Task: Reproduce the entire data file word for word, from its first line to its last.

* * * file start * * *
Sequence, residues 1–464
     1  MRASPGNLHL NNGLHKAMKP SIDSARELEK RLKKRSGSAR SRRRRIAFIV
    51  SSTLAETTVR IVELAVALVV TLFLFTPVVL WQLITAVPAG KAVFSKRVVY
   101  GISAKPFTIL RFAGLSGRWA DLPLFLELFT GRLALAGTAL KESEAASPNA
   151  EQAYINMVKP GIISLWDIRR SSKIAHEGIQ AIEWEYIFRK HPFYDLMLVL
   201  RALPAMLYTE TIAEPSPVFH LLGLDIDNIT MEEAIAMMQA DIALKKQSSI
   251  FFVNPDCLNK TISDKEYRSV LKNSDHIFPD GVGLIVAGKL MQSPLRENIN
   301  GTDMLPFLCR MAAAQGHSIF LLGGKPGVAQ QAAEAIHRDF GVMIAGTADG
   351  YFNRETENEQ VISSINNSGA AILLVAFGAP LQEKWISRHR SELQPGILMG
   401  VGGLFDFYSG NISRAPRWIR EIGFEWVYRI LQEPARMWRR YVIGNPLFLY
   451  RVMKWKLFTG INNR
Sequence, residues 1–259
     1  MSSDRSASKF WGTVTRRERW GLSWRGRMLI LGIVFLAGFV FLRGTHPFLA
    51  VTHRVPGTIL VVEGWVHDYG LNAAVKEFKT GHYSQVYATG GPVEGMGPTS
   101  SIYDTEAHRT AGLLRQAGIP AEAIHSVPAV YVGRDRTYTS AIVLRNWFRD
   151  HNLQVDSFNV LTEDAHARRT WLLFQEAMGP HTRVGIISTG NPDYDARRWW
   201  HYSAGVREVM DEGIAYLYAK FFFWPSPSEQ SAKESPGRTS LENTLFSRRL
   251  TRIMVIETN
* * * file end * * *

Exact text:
Sequence, residues 1–464
     1  MRASPGNLHL NNGLHKAMKP SIDSARELEK RLKKRSGSAR SRRRRIAFIV
    51  SSTLAETTVR IVELAVALVV TLFLFTPVVL WQLITAVPAG KAVFSKRVVY
   101  GISAKPFTIL RFAGLSGRWA DLPLFLELFT GRLALAGTAL KESEAASPNA
   151  EQAYINMVKP GIISLWDIRR SSKIAHEGIQ AIEWEYIFRK HPFYDLMLVL
   201  RALPAMLYTE TIAEPSPVFH LLGLDIDNIT MEEAIAMMQA DIALKKQSSI
   251  FFVNPDCLNK TISDKEYRSV LKNSDHIFPD GVGLIVAGKL MQSPLRENIN
   301  GTDMLPFLCR MAAAQGHSIF LLGGKPGVAQ QAAEAIHRDF GVMIAGTADG
   351  YFNRETENEQ VISSINNSGA AILLVAFGAP LQEKWISRHR SELQPGILMG
   401  VGGLFDFYSG NISRAPRWIR EIGFEWVYRI LQEPARMWRR YVIGNPLFLY
   451  RVMKWKLFTG INNR
Sequence, residues 1–259
     1  MSSDRSASKF WGTVTRRERW GLSWRGRMLI LGIVFLAGFV FLRGTHPFLA
    51  VTHRVPGTIL VVEGWVHDYG LNAAVKEFKT GHYSQVYATG GPVEGMGPTS
   101  SIYDTEAHRT AGLLRQAGIP AEAIHSVPAV YVGRDRTYTS AIVLRNWFRD
   151  HNLQVDSFNV LTEDAHARRT WLLFQEAMGP HTRVGIISTG NPDYDARRWW
   201  HYSAGVREVM DEGIAYLYAK FFFWPSPSEQ SAKESPGRTS LENTLFSRRL
   251  TRIMVIETN